This is a tough question because of the many technical complexities related to the Semantic Web. It might have been more accessible if phrased in terms of something generic – say, increasingly automated actions processed through browsers and Web-based agents.
Q.8 – Will the Semantic Web have an impact?
A. By 2020, the Semantic Web envisioned by Tim Berners-Lee and his allies will have been achieved to a significant degree and have clearly made a difference to the average internet users.
B. By 2020, the Semantic Web envisioned by Tim Berners-Lee will not be as fully effective as its creators hoped and average users will not have noticed much of a difference.
[my answer: A]
Please explain your choice and share your view of the likelihood that the Semantic Web will have been implemented by 2020 and be a force for good in internet users’ eyes.
“So many benefits will accrue from intelligent agents, and machines talking more effectively to other machines, that it’s hard to imagine the world without them in 2020. Aside from questions about just how much “intelligence” agents and machines will acquire, however, there’s a bigger question as to whether all this functionality will come out of the Semantic Web as envisioned by Berners-Lee. Certainly average Internet users have come to expect ever-increasing functionality from their browsers. The Web browser is their window on the Internet at large – to the extent that many people I talk to are stunned to learn that the Web and the Internet aren’t the same thing. Moreover, browsers have absorbed many other free-standing online services, like email and FTP, which have become a seamless part of the browser experience.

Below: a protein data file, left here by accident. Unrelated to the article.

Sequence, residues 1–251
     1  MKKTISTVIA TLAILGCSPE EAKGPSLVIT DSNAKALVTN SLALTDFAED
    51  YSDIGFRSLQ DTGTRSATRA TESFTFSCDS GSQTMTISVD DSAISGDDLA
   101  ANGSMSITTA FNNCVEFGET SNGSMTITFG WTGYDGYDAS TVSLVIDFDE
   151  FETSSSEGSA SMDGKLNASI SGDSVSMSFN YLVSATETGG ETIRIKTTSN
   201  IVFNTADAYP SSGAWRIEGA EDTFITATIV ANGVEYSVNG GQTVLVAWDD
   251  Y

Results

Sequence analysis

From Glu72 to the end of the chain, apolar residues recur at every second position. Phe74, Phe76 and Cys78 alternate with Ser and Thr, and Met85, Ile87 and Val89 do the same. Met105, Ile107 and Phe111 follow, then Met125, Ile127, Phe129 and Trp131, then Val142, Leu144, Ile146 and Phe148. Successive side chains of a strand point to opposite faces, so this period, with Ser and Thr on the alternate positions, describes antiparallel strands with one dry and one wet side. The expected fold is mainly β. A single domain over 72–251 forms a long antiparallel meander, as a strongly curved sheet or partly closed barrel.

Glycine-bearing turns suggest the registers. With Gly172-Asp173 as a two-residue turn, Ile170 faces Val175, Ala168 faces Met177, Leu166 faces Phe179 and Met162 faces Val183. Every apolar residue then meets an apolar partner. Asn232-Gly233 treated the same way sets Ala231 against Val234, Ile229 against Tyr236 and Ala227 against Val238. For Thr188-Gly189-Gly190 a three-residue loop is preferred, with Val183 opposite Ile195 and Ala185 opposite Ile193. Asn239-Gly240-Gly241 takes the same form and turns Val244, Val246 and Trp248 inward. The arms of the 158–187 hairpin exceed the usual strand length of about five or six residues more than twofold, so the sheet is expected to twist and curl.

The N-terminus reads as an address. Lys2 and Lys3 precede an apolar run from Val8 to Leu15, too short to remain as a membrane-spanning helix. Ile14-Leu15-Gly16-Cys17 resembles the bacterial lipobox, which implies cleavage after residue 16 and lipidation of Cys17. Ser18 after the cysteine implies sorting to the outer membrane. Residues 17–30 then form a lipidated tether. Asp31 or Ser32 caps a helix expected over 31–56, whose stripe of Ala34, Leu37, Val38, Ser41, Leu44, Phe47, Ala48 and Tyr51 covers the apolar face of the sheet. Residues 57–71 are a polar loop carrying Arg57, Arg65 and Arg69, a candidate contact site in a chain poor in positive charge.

“Millions of Web users and publishers stand to benefit from the grand scheme represented by the Semantic Web, and some of its enabling technologies are bound to achieve success. But it faces a number of major obstacles. First, competitive issues. Not everyone subscribes to the vision expounded by Berners-Lee. There’s probably a lot of money to be made here, a compelling reason for some developers to create solutions outside the Semantic Web framework. Second, technical issues. Natural language is rife with ambiguity, a nasty problem that has plagued machine-assisted translation for decades. It’s hard to imagine the Semantic Web as an end-game, with humanoid agents able to operate free of human intervention. Third, social issues. The very success of such a radical UI paradigm will pose threats to end-user control and privacy. The more the Semantic Web succeeds, the more we should be concerned about what we’re forfeiting to our agents and those who create them. This is just the kind of effort mainstream onliners are unwilling or unable to make, even when their money and identities are at stake. In other words, the Semantic Web should not be seen as entirely benign. Once out of the lab, it will have to contend with the many frailties, and occasional bad faith, of the creatures it’s intended to help.”
Jan.12 – Looking back over my responses to this point, I seem to have brought up risks to privacy in several different contexts. In Canada, we’re pretty vigilant about privacy. The CRTC, for example, called for greater online privacy protection in its October 2009 ITMP decision (see para 103). Yet even this level of official vigilance hasn’t dispelled my anxieties about privacy getting pretty much disappeared by 2020. I haven’t thought about the reponses collectively, but I wonder if I’ve overlooked other significant themes – like free speech, to take one example. Back to that one another time.